Campbell#8217;s book details early days of Ironton area

Published 12:00 am Tuesday, July 3, 2007

The author of a book detailing his family’s history and the beginnings of Ironton will be part of the Vesuvius Furnace Festival this weekend.

Dr. James A. Campbell has written “Home Forgotten: The Campbells of the North River.”

Campbell describes the book as “ a whole new way of seeing John and Hiram Campbell as an extension of the larger family from which they came.”

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James Campbell is a frequent visitor to Ironton. He has been researching and writing “Home Forgotten” for 30 years. He discovered that he is an indirect descendant of

the man who founded Ironton since he is the great-great-grandson of Washington G. Campbell, brother to Hiram and John Milton Campbell.

John Campbell was the founder of Ironton. He and William Firmstone built the Vesuvius iron furnace, which was one of the first hot blast furnaces in America and help build Lawrence County into one of the biggest producers of steel before the Civil War.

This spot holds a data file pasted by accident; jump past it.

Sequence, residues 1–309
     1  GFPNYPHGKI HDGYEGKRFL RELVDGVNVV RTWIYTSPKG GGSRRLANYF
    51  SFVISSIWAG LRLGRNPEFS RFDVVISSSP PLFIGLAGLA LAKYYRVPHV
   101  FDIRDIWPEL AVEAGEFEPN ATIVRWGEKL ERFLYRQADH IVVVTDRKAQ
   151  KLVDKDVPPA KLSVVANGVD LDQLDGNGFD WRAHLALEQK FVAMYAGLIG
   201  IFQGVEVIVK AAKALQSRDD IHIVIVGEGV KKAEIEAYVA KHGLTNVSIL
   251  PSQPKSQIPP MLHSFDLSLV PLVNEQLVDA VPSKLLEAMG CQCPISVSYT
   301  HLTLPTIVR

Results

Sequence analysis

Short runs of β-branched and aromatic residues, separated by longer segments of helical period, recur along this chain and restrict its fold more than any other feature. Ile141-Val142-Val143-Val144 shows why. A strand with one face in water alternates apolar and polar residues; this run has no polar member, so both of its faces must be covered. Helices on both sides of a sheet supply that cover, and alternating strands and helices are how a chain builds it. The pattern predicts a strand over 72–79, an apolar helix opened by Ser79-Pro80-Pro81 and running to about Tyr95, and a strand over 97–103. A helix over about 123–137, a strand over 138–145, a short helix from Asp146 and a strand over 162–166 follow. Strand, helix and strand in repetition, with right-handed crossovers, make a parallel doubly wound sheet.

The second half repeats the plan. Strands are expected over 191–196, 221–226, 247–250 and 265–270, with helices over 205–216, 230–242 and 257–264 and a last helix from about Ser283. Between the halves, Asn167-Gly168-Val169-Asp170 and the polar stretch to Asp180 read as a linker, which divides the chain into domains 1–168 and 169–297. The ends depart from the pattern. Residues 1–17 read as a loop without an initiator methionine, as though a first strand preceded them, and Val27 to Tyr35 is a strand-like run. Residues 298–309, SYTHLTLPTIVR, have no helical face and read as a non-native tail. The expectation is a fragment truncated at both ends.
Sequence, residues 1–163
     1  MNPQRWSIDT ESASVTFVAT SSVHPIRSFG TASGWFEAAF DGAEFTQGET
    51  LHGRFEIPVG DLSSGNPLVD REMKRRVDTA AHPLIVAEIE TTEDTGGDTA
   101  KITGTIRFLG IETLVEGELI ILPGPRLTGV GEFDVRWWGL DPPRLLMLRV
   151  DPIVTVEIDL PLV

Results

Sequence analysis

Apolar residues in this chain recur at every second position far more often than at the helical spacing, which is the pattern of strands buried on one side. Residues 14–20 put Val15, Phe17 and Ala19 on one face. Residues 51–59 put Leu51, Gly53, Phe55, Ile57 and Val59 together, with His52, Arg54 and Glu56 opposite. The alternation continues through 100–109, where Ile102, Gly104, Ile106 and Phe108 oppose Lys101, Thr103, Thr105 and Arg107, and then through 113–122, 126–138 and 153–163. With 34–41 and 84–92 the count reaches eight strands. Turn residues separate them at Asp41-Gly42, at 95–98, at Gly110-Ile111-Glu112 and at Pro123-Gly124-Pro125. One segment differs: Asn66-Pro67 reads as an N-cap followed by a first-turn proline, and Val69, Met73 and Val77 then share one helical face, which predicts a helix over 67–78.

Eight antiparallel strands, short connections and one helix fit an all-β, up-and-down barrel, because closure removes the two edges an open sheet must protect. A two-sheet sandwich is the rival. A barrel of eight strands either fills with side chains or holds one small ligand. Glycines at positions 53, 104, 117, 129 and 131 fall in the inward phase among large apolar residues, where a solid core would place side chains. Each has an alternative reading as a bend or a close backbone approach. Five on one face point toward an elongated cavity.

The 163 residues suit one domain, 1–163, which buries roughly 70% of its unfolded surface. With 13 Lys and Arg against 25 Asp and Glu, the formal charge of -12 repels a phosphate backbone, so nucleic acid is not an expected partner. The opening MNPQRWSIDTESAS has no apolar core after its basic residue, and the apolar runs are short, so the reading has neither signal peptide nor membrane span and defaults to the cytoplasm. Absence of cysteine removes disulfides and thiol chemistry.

James Campbell is a Methodist missionary to Alaska where is a pastor at the Turn Again Methodist Church in Anchorage.

In “Home Forgotten,” Campbell said in an e-mail, that Ironton plays an important role in political history, industrial history, river history and abolition history.

“It is also a family history and in that family history are connections that help bring it together,” he said.

James Campbell will be signing copies of “Home Forgotten” during the Vesuvius Furnace Festival on Saturday. Copies are $39, which is $10 off the regular price.

He will also be speaking in the Hamner Room at the Briggs Lawrence County Public Library on Monday at 9 a.m. He will also sign copies of his book then.

There are only 300 copies in the run.